Saturday, August 7, 2010

Back in the Trailer Again

Back in the trailer again, but not back in the saddle again. I had hoped to just slap the shipping boots on Bombay, load him up in the horse trailer, and go trail riding this morning, but it quickly became apparent that he wasn't ready for such a big step. As soon as I got those hind boots on, he started bucking and trying to kick them off. He succeeded in kicking hard enough to get them to slide down so that he was stepping on them.

I could use some advice here. If he slipped and fell in the trailer twice without shipping boots, having these boots slip down underneath his hooves is not going to make matters any better. I'm fastening the Velcro straps as tight as they will go, but they still slip down. Any suggestions on how to avoid this? Use garter belts?

I also discovered that his trailering accidents did traumatize him enough that his heart rate went way up, he started sweating and breathing heavily as soon as I asked him to approach the trailer. I knew I had to cancel the trail ride and just concentrate on easing him back into the trailer so he can regain his confidence. He kept pawing at the mat and looking at me as if to say, "Mom, this mat is too slippery."

I don't know if putting shavings in there makes it any less slippery. Do shavings help horses have some traction in trailers? I've learned to clean all the hay and manure out of the trailer before loading horses, because those make for slippery footing.

I regressed to basic training, rewarding the horse after it just faces the trailer, then after one foot goes in, then two...

I couldn't get Bombay to put all four legs in the trailer while I was inside it. I think he was partly worried about squashing me and partly worried about how he was going to get his hind legs in with those big, black things attached to them. I'm sure it felt like he had a couple of cats wrapped around and clinging to his hind legs. So, I moved to the outside of the trailer and encouraged self-loading.

One foot in...

Two feet in...

Four feet in!

And I didn't even have to crack the whip behind him. By the time he had stopped trying to kick off the hind boots and loaded in the trailer, an hour and a half had passed. It was hot and we both needed water, so I cut him loose. The next step is to actually take him for a trailer ride.

I think I did a pretty good job of ignoring my neighbors during Bombay's shipping boot desensitization and trailer training. As I was getting the trailer ready, the neighbor who lives on the other side of my nosy neighbors drove up and delivered some flowers to their doorstep, then walked away. The woman came outside and yelled thank you to him. Then she saw me and yelled even louder to him, "You're a good neighbor!"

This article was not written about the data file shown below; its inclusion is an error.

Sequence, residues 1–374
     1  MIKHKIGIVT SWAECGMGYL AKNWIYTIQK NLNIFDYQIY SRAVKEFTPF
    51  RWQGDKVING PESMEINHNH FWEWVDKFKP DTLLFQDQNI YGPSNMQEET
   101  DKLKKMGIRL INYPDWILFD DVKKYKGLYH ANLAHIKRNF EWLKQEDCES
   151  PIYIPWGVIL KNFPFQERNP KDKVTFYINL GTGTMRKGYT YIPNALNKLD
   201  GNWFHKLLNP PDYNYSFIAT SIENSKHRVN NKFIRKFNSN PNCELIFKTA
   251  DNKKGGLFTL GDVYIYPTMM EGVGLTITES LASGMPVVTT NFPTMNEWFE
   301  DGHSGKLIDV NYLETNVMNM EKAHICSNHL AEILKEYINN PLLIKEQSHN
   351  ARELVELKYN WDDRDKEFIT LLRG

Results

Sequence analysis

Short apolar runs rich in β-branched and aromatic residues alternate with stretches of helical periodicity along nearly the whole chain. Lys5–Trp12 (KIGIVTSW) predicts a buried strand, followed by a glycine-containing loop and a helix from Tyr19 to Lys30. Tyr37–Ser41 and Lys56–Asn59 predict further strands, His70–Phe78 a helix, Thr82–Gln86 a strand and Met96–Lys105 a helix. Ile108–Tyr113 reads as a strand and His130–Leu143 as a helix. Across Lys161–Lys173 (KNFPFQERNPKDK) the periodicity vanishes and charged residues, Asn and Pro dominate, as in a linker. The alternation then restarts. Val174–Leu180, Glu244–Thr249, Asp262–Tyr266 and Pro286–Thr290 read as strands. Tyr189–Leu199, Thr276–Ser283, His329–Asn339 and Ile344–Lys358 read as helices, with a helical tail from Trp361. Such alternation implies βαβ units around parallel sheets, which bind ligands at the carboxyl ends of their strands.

I knew that was a jab at me, but I didn't care. They started this feud by spying and eavesdropping on me. Had they just respected my privacy and space like "good neighbors", I wouldn't have to be such a witch. Right on cue, as soon as I caught Bombay and started attaching his shipping boots, my neighbor threw open her front door to let out the beast. He came out on a scooter and immediately started accosting the painter who was working on a neighbor's house with 10.000 questions.

My vacation starts next week, but I don't know if I'll be able to take it. Two of my neighbors have started big construction projects. One neighbor hired just one man to hand-scrape and hand-paint his garage, which is going to take all month to complete. If he had hired a professional painting crew, they could power wash the old paint off and spray paint the new paint on in a lot less time.

Also, the neighbors outside my bathroom window had a bunch of people out there hammering something at 7:00 AM on a Saturday morning. I know they are trying to beat the heat, but can't people sleep in on the weekends? All these people are retired and could just as easily get this construction work done on the weekdays when people have to wake up early to go to work anyway. I'm not sure why they wait until the weekend to start the racket.

The things my neighbors do around me would have never been tolerated in the neighborhood I grew up in. They would have been stoned and run out of town if they pulled any of that B.S. back in the 1970's and 80's. We had spoken and agreed upon rules back then. No visitors or phone calls between 6:00 PM and 10:00 AM. No noise before 10:00 AM either. Everyone got along really well, because everyone respected those rules. I guess the world is changing, but in a not-so-pleasant way.


Sydney_bitless said...

If the boots slide down they are too big. I had this issue with my shipping boots I exchanged them and got a smaller size that fit better. Although shipping boots are convenient I still wrap my horses legs with quits and bandages. Takes longer but they stay on better.